How about the possibility of combining your Random Access Memory (RAM) and your hard-drive onto a single storage unit without losing memory when the power is switched off or is interrupted? That would mean that virtually no delay in accessing start-up files when powering up as everything you need would be in your RAM. Would the loading be slow though? No. It could be up to three times faster than the SSD hard disks on the market today.
Solid state storage specialist SanDisk had been working on bringing this new form of system memory, known as ‘ReRAM’ to market. At the time of writing Sony, Panasonic, Micron, Hynix, DSI and more are now getting in on the act.
The principle of the ‘memrister‘ (Memory Resister), upon which ReRAM is based, was first mooted in 1971. Memristers work by ‘remembering’ the amount and polarity of current that passes through them as electrical resistance, which enables them to store data in ReRAM. Hewlett Packard believes that memristers have other potential uses as logic gates and switches that “could one day, for example, act like synapses inside computer circuits, mimicking the behavior of neurons in the human brain”. The memrister joins the family of resistors, capacitors, and inductors. But potentially the memrister is the most exciting of the lot. It makes original circuit board resistors look like ancient valve radios!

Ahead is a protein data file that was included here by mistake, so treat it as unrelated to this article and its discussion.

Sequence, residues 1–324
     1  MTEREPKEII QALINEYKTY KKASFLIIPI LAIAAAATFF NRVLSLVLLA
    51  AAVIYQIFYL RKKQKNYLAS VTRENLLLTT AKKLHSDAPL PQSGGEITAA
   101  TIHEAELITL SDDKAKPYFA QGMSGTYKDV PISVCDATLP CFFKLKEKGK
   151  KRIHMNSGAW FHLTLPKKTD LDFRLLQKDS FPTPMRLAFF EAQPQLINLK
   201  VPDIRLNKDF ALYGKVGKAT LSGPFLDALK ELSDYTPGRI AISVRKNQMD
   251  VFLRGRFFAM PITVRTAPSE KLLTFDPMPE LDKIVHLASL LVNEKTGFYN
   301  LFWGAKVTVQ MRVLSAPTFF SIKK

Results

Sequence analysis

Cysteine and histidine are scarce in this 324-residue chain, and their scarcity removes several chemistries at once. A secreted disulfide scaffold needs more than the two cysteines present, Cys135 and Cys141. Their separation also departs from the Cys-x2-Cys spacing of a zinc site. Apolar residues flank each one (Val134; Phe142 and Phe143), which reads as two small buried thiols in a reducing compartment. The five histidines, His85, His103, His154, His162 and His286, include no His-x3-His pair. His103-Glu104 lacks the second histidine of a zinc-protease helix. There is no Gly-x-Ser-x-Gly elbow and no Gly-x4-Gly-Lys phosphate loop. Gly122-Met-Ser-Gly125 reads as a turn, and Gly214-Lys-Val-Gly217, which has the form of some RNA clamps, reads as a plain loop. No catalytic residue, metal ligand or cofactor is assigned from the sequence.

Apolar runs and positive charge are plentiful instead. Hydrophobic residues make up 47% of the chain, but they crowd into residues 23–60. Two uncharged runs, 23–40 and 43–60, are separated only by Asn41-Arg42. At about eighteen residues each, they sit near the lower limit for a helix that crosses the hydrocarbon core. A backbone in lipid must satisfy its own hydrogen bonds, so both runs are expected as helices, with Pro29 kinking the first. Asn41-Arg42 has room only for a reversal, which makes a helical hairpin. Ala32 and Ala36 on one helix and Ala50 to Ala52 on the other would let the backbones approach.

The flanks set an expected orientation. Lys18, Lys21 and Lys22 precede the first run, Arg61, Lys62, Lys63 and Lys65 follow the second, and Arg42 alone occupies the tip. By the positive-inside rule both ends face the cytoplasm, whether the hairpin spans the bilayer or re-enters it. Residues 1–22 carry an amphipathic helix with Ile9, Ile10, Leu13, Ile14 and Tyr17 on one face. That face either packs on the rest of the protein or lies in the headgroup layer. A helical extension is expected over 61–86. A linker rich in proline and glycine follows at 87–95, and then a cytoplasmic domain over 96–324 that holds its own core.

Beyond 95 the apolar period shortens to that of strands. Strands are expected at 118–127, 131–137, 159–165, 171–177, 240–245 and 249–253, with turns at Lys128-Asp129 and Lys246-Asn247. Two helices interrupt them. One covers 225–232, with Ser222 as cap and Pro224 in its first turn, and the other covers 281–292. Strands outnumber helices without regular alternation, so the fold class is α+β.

The importance of ReRAM is that it combines the read/write speeds of DRAM – the stuff on those memory chips in your PC – with the non-volatile nature of flash memory. In other words, they don’t forget stuff when you turn the power off. Potentially, it’s the best of all existing technologies: bulk storage that runs at system memory speeds. As mentioned above this means, in theory, that a PC with enough ReRAM memory in it, no more loading times, ever. All your data would always be kept in the equivalent of today’s system RAM. On top of that, ReRAM is expected to require little power, and (again in theory) it can be manufactured on tiny manufacturing processes with high yields.
Expect a lot of news about ReRAM and memristers over the coming months!